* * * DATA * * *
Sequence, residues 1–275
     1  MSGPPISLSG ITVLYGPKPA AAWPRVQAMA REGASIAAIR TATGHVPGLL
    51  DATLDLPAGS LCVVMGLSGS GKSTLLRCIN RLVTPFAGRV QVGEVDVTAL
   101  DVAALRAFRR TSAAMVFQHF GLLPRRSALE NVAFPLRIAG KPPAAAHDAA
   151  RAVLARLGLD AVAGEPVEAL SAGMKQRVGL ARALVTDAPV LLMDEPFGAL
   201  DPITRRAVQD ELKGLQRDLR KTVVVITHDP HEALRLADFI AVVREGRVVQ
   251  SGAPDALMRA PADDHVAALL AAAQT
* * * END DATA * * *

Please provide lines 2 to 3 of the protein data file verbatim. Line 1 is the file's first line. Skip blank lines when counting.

     1  MSGPPISLSG ITVLYGPKPA AAWPRVQAMA REGASIAAIR TATGHVPGLL
    51  DATLDLPAGS LCVVMGLSGS GKSTLLRCIN RLVTPFAGRV QVGEVDVTAL